In everyday conversation, as in psychology, to rationalize is to deal with emotional conflict about an act or behavior by creating sometimes-elaborate explanations that make it seem plausible, justified, or even admirable, thus resolving the conflict. In this way we can relieve feelings such as guilt, regret, or embarrassment. Or we might use rationalization to assert innocence or to elude punishment. But in the context of economics, the term has other meanings. In economics, to rationalize is to alter a process or procedure, based on careful design, to achieve specific goals, usually related to cost savings, efficiency enhancement, or compliance with accepted rules. That is the sense of the term we'll use here, as we explore what happens when we rationalize creativity at work.
Brainstorming is one effective form of rationalizing creativity. In brainstorming, we create a "container" that encourages creativity and accelerates problem solving.
Rationalizing creativity at work doesn't always get us what we want. Sometimes we miss by a lot. Sometimes rationalization snuffs out creativity altogether. What distinguishes effective and ineffective approaches to rationalizing creativity? Let's begin with properties of effective approaches.
- They encourage novel collaborations
- In most modern workplaces, collaboration is essential to creativity. Interaction formats and cultural norms are especially helpful if they stimulate collaborations between people who might not otherwise collaborate.
- Collaborations Encouraging creativity doesn't always
get us what we want. Sometimes
we miss by a lot. Sometimes
we snuff out creativity altogether.between people who have dramatically different degrees of organizational power can be very productive. But they are difficult to manage and difficult to encourage. If you can find a framework within which to create such collaborations, truly valuable insights can result.
- They relax social constraints
- Relaxing social constraints frees people to think in novel ways and to contribute those novel thoughts. Removing restrictions on the acceptability of ideas, or restrictions on the acceptability of proposing certain ideas, is usually helpful.
- Frameworks that effectively stimulate creativity must deal with social constraints relating to organizational power. The powerful are sometimes reluctant to be open to collaboration with the less powerful, and the less powerful are sometimes intimidated by the powerful. Power is like a wall between the more powerful and the less powerful.
- They stimulate fresh perspectives
- Because looking at a problem from a fresh perspective stimulates new insights, environments or frameworks that encourage fresh perspectives accelerate problem solving and innovation.
- This is one reason why "retreat" formats are so productive so often. They take people out of their customary environments, away from the routine of the everyday. But take care not to surround people with distractions. Resort environments are nice, but the risk of a resort is that people will enjoy the resort, and pay little attention to the issues motivating the retreat.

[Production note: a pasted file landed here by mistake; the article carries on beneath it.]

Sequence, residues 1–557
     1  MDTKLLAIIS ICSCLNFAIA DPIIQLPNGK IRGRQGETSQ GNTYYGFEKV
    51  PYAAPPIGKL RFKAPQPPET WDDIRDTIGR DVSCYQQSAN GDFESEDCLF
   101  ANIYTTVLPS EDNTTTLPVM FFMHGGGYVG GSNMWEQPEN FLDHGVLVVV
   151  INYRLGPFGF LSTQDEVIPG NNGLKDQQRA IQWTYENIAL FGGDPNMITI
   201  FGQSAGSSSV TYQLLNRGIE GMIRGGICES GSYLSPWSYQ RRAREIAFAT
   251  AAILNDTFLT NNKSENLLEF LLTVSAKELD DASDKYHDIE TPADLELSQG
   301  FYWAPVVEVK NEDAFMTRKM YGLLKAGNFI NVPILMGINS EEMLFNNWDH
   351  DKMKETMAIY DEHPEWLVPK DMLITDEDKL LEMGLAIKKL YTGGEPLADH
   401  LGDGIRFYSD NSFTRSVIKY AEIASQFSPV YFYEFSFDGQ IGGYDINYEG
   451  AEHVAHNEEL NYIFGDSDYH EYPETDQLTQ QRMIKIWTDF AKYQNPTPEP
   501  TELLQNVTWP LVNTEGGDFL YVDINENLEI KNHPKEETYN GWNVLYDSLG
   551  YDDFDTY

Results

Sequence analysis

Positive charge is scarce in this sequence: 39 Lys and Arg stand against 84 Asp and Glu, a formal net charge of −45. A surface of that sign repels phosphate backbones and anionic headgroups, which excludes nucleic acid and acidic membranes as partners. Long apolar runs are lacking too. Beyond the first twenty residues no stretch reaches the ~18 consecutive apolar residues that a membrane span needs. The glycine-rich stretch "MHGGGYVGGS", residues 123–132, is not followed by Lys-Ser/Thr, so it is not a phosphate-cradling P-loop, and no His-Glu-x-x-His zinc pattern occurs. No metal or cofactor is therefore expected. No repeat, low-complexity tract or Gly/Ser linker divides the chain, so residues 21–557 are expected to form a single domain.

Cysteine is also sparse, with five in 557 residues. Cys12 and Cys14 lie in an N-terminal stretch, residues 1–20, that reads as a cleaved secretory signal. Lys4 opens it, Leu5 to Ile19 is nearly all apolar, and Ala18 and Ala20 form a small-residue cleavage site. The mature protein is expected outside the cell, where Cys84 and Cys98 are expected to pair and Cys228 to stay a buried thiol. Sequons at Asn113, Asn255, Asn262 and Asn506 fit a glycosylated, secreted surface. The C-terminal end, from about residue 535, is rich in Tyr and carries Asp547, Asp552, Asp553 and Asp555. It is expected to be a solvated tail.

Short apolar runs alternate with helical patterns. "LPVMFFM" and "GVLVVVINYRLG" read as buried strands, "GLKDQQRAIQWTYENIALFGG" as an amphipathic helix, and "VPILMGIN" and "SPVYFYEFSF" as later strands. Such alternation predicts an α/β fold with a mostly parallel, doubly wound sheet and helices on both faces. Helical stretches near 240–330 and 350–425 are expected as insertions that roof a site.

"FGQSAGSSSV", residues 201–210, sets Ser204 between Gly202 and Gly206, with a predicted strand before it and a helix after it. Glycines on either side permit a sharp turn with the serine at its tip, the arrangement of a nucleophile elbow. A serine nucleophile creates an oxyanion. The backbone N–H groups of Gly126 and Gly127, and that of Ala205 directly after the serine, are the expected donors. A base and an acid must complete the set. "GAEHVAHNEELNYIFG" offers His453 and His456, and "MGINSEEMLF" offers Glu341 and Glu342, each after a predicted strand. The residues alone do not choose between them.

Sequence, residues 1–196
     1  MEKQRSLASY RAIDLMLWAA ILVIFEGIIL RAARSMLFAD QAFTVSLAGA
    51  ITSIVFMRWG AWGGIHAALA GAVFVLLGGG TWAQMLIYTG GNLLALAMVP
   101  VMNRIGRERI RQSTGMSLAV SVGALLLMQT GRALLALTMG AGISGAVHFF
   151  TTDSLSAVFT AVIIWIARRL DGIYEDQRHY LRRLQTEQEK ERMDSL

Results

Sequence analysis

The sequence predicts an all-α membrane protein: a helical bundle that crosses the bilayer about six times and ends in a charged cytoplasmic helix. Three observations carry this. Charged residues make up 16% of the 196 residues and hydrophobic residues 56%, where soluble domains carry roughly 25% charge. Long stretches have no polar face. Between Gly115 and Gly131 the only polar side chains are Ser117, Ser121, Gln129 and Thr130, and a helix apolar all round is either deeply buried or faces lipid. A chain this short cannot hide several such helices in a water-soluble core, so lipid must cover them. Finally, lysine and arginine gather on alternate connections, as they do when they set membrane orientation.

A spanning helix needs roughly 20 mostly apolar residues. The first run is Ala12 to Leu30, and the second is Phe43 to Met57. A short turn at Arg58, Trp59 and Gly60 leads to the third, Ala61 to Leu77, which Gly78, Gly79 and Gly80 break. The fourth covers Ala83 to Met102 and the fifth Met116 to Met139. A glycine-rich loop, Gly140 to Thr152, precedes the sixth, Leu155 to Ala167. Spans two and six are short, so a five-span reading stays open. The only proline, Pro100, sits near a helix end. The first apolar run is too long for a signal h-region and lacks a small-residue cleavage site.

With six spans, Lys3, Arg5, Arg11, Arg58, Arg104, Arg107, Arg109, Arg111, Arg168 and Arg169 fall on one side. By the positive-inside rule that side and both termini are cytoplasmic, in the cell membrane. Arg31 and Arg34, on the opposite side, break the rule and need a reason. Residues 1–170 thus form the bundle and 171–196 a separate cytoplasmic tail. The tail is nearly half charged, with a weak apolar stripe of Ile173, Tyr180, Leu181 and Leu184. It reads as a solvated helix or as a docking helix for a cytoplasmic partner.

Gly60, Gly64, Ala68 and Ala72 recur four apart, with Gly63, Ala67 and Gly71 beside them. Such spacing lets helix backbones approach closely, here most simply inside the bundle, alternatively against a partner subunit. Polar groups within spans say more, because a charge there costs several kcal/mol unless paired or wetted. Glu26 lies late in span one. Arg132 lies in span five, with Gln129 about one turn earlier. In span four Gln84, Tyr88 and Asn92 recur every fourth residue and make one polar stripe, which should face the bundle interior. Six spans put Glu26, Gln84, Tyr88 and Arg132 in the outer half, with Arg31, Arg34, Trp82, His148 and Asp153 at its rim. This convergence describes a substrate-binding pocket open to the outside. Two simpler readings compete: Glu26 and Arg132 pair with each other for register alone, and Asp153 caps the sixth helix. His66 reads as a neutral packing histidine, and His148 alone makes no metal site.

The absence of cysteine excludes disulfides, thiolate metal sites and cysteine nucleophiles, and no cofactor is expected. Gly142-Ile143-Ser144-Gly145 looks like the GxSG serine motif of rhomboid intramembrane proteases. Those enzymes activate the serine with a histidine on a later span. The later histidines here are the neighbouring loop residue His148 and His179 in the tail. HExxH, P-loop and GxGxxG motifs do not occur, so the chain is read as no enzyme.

Are your projects always (or almost always) late and over budget? Are your project teams plagued by turnover, burnout, and high defect rates? Turn your culture around. Read 52 Tips for Leaders of Project-Oriented Organizations, filled with tips and techniques for organizational leaders. Order Now!
Your comments are welcomeWould you like to see your comments posted here? rbrenoTQwmuFwStohOEtkner@ChacOOuktcpmCbPmptKMoCanyon.comSend me your comments by email, or by Web form.
About Point Lookout
Thank you for reading this article. I hope you enjoyed it and found it useful, and that you'll consider recommending it to a friend.
Support Point Lookout by joining the Friends of Point Lookout, as an individual or as an organization.
Do you face a complex interpersonal situation? Send it in, anonymously if you like, and I'll give you my two cents.
More articles on Problem Solving and Creativity:
- Poverty of Choice by Choice
- Sometimes our own desire not to have choices prevents us from finding creative solutions. Life
can be simpler (if less rich) when we have no choices to make. Why do we accept the same tired solutions,
and how can we tell when we're doing it?
- Nine Positive Indicators of Negative Progress
- Project status reports rarely acknowledge negative progress until after it becomes undeniable. But projects
do sometimes move backwards, outside of our awareness. What are the warning signs that negative progress
might be underway?
- Comfortable Ignorance
- When we suddenly realize that what we've believed is wrong, or that what we've been doing won't work,
our fear and discomfort can cause us to persevere in our illusions. If we can get better at accepting
reality and dealing with it, we can make faster progress toward real achievement.
- Decisions: How Looping Back Helps